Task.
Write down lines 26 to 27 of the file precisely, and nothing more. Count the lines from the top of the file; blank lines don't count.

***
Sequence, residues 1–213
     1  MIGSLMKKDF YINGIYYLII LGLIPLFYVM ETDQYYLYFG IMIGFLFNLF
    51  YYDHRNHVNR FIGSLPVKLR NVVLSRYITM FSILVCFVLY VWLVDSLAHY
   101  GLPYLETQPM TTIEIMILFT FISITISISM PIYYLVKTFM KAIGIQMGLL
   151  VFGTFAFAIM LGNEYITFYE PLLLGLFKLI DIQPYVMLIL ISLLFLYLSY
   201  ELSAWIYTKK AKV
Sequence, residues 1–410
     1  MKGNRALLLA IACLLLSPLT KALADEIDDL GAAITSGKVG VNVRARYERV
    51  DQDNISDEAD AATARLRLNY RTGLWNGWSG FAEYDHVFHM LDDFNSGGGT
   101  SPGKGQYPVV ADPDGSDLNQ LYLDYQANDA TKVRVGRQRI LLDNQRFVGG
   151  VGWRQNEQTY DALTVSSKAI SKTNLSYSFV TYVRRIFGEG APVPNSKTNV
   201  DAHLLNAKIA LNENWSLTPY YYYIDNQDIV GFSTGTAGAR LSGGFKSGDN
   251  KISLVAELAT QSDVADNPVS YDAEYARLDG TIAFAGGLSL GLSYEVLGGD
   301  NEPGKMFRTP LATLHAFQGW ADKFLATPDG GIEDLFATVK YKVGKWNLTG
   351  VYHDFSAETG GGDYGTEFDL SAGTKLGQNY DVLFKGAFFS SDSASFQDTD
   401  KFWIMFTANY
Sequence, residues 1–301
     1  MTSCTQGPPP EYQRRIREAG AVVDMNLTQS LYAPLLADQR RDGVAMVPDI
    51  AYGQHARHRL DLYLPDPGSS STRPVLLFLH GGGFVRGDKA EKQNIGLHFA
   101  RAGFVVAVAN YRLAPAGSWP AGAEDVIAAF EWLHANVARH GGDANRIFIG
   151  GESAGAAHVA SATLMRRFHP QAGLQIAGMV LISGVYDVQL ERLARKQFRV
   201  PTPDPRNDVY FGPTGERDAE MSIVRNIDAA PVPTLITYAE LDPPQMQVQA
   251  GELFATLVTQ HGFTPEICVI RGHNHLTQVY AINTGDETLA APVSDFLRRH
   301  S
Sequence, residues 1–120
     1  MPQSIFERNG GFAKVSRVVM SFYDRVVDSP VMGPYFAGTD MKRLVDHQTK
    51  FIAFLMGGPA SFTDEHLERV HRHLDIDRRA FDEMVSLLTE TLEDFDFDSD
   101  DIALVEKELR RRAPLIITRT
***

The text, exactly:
     1  MPQSIFERNG GFAKVSRVVM SFYDRVVDSP VMGPYFAGTD MKRLVDHQTK
    51  FIAFLMGGPA SFTDEHLERV HRHLDIDRRA FDEMVSLLTE TLEDFDFDSD